Once I begin to get students thinking about the value of writing, my next step is to show students that they can indeed do it. I’ve written before about how the majority of students who enter my composition class don’t identify as writers. While they can technically write, most have little confidence in their ability to write well enough to be considered an actual writer.
If Hulleman’s theory is correct, as long as these students doubt whether they can succeed in writing, they will likely not have motivation to do more than the bare minimum. With that in mind, my earliest writing assignments all revolve around showing students that they can indeed succeed in the world of writing. To do this, I build activities where effort is almost inevitably going to end up in small victories. For example, here is the assignment tied to a lesson I give in first week called the “Big Three.” This lesson focuses on three areas where small changes can make massive differences in the quality of a piece of writing: use of “to be,” sentence length, and word choice. The placement of these at the beginning of the year is not an accident. Most students struggle with at least one of these rhetorical skills, and yet they are quick fixes that once noticed by the students tend to lead to noticeable improvement in their writing.
In the construction of the assignment, the students are asked to take a piece of writing that is already done and improve upon it with the goal in mind that if they engage at all, they will walk away with a win, regardless of their starting ability. It also subtly impresses upon them the importance of revision, though that is a story for another post.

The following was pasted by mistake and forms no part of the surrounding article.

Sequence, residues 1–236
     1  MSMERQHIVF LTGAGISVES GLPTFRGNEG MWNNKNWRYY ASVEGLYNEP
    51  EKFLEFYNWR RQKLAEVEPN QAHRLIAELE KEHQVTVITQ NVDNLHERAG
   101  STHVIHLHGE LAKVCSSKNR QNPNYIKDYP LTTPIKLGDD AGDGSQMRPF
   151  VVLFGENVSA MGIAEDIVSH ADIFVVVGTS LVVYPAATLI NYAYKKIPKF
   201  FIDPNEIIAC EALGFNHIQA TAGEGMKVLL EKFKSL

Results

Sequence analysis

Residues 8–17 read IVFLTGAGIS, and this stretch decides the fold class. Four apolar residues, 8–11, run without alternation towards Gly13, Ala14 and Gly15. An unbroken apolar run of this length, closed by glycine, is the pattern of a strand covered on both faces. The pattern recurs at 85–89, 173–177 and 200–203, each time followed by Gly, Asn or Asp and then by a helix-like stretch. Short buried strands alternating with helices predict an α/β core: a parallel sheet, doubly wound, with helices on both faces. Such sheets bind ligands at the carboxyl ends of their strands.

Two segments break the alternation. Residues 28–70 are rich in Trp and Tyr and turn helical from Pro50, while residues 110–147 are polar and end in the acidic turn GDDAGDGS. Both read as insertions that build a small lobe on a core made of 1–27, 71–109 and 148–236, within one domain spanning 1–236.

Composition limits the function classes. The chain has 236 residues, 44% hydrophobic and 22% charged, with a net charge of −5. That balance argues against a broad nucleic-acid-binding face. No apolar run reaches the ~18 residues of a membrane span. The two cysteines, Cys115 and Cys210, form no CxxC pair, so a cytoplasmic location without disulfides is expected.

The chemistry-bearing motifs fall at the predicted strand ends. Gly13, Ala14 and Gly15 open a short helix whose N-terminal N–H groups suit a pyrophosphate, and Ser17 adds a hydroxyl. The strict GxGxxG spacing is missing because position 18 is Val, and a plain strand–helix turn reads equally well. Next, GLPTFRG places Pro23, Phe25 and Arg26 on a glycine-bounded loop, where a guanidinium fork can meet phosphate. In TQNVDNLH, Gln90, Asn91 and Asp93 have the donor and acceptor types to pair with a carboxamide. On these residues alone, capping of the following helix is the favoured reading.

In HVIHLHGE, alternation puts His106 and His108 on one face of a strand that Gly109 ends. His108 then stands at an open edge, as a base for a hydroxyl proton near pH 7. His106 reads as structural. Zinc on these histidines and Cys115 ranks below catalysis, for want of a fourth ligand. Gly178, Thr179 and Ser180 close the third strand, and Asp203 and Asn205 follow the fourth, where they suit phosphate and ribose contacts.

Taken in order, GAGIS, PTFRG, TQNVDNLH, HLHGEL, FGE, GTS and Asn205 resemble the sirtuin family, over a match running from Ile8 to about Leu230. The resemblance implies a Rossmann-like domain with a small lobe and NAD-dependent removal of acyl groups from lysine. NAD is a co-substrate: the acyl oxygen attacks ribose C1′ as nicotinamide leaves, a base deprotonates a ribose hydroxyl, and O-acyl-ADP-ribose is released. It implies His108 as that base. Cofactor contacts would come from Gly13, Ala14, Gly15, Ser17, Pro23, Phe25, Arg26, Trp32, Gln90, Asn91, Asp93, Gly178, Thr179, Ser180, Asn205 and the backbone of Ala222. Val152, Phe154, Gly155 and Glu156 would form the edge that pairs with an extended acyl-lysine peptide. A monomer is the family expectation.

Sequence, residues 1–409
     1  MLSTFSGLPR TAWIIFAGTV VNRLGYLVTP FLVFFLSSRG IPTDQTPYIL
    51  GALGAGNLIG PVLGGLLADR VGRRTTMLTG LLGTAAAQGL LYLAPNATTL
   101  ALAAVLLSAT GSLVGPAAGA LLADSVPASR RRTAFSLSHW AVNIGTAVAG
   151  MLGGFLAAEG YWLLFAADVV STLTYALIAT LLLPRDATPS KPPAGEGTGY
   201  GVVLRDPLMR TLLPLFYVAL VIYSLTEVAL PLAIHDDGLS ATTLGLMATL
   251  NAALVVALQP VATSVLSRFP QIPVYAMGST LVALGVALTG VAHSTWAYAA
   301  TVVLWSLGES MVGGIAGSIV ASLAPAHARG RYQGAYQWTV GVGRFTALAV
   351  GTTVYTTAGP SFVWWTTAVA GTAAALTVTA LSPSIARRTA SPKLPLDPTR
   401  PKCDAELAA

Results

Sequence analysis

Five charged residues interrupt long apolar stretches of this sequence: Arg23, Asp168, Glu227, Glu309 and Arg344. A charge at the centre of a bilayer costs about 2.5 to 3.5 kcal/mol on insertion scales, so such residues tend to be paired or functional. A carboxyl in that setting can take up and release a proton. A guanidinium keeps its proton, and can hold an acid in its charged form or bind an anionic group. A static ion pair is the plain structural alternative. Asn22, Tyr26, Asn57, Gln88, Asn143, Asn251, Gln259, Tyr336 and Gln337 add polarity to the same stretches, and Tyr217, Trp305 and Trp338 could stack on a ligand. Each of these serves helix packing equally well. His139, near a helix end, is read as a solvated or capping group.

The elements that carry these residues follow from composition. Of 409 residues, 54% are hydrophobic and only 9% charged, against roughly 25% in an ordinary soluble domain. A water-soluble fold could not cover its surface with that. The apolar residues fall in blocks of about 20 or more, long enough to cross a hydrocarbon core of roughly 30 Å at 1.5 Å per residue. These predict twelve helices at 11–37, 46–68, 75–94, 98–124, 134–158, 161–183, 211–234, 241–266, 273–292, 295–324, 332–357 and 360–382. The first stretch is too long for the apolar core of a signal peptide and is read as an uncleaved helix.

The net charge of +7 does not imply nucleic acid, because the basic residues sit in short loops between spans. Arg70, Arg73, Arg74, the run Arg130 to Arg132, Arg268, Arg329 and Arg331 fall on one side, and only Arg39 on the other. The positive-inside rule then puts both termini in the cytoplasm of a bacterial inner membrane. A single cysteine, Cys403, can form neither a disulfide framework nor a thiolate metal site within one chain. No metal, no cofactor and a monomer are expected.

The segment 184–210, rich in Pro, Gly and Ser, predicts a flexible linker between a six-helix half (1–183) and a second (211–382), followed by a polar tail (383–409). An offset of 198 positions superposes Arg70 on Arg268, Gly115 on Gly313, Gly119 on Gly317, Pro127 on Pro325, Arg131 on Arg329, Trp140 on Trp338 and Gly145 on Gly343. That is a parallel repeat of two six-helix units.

When creating these “easy win” assignments, it is important to remember that shifting a student from believing they can’t write to believing that with effort they can become writers doesn’t usually happen with one success. It generally takes a series of small and big victories before students show any significant shifts in their identity and motivation. Further, they often don’t see the victories, so it is important for us to narrate and celebrate the victories to make sure the students don’t miss them.
In the end, I have found that if careful attention is paid to both value and student expectations, the pay-offs can be immense, and with a little luck you will get more than a few end-of-the-semester reflections like the following:
“Before I took this class this semester I thought that being good at writing was just a trait that only certain people were born with. I now know that that is not the case. I’ve learned that anyone can be a good writer if they are willing enough. Before this class I only used medium length sentences, and it made my writing sound boring and dull. I still haven’t perfected the task of varying my sentence length, but I have definitely improved. I also used to use a lot of “to be’s”. On each page of my writing I would use the verb at least 30 times. I still use it a lot, and maybe too much, but I have at least gotten better at realizing how much I use it, and how it can affect my writing…In the future I intend on taking more writing classes. I still have a lot to learn, and a lot to work on, but I do think that I could get there someday if I try hard enough.” –One of my Comp students from last year.
Thanks as always for reading.
Yours in Teaching,